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Smithsonian American Art Museum Exhibition Honors Six Winners of Its Prestigious Contemporary Art Prize—the Lucelia Artist Award

January 23, 2008

Since 2001, some of the most innovative artists working in the United States today have received the Smithsonian American Art Museum's Lucelia Artist Award. "Celebrating the Lucelia Artist Award, 2001–2006," on view through June 22, features work by each previous winner—Matthew Coolidge, director of the Center for Land Use Interpretation (2006); Andrea Zittel (2005); Kara Walker (2004); Rirkrit Tiravanija (2003); Liz Larner (2002); and Jorge Pardo (2001).

The Lucelia Artist Award annually recognizes an American artist younger than 50 who has consistently demonstrated exceptional creativity. An independent panel of five jurors nominates artists who will be recognized as one of the most important and influential artists of our time. The $25,000 award is intended to encourage the artist's future development and experimentation.

The Lucelia Artist Award is part of the museum's ongoing commitment to contemporary art and artists through annual exhibitions, acquisitions and public programs. The award is named for the New York-based Lucelia Foundation, which supports the visual arts.

"It is energizing to see strong, representative work from each of the Lucelia Artist Award winners transforming the museum's gallery space," said Elizabeth Broun, The Margaret and Terry Stent Director of the Smithsonian American Art Museum.

Sidra Stich, who served as the Lucelia Artist Award executive director from 2000 to 2006, is the guest curator of the exhibition. She is the director of "art•SITES," a series of contemporary art, architecture and design handbooks and currently is in residence as the Coca-Cola Fellow, one of 10 Berlin Prize honorees at The American Academy in Berlin. "These six artists are engaged in challenging pursuits that expand thinking about the character and function of art and the creative process," said Stich. "Each has produced a significant body of work that curators, critics and artists who served as jurors consider emblematic of this period in contemporary art."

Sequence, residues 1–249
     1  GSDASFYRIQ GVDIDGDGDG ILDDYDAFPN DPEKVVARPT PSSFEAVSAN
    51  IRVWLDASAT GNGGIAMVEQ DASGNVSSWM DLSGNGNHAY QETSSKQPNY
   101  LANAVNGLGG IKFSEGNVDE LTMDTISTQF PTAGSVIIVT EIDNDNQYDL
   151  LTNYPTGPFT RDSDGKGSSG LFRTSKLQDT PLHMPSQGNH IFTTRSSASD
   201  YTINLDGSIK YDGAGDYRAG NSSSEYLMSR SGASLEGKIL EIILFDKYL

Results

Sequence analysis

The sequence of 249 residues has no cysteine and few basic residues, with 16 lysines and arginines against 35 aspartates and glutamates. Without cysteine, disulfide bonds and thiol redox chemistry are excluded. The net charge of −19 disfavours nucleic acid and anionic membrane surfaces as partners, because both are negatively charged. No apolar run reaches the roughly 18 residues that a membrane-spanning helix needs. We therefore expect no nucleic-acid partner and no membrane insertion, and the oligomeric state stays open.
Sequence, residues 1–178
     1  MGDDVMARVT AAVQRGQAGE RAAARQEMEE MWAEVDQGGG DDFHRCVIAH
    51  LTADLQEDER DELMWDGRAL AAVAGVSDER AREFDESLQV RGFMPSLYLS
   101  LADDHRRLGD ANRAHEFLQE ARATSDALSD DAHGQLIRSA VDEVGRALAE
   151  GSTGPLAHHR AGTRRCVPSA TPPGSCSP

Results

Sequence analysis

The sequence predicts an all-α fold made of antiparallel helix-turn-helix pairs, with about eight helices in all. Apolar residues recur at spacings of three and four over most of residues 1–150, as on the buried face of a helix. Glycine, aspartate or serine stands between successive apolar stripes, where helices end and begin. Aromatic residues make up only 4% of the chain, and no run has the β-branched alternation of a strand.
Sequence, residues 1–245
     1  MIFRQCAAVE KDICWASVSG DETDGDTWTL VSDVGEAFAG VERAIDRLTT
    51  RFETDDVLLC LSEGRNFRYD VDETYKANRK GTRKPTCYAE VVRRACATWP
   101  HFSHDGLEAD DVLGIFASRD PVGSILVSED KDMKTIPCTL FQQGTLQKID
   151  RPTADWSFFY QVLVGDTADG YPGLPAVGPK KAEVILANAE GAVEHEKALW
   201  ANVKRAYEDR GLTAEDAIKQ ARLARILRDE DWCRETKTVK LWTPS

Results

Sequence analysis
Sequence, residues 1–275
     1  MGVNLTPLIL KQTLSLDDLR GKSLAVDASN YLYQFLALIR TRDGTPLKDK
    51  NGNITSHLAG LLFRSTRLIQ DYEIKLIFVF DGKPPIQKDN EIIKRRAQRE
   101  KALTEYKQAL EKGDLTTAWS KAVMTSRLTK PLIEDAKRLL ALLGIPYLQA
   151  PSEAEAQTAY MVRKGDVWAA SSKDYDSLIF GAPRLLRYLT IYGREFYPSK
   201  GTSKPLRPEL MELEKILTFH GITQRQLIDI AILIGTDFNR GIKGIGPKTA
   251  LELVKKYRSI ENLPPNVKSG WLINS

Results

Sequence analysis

The 2007 winner, Jessica Stockholder, was announced Sept. 17, 2007, in conjunction with the opening of the exhibition.

The Center for Land Use Interpretation is a research and educational organization founded by Matthew Coolidge in 1994 to focus attention on the state of land use in contemporary America. The Center is represented in the installation by 15 posters, which were originally exhibition announcements. The Center documents and disseminates information about human interventions that have altered the physical, aesthetic and functional character of the American landscape. Coolidge and the Center for Land Use Interpretation raise awareness about land use and its consequences in a variety of ways including exhibitions, public tours, publications, lectures, an online "Land Use Database" and a national network of on-site interpretative facilities known as the American Land Museum.

Andrea Zittel's work is rooted in early-modernist ideals about the social function of art, its concern with real-life, utilitarian needs and the transformation of everyday environments. She has been developing her designs for living since the early 1990s, using her own experiences to investigate how the structures one encounters in daily life take on personal significance. Her modular habitats, such as the custom-made "A-Z Homestead Office for Lisa Ivorian Gray" (2003), which is on display in the exhibition, is reminiscent of the utopian creations of the Bauhaus, de Stijl and Le Corbusier, and the homestead shacks built by pioneers on the American frontier.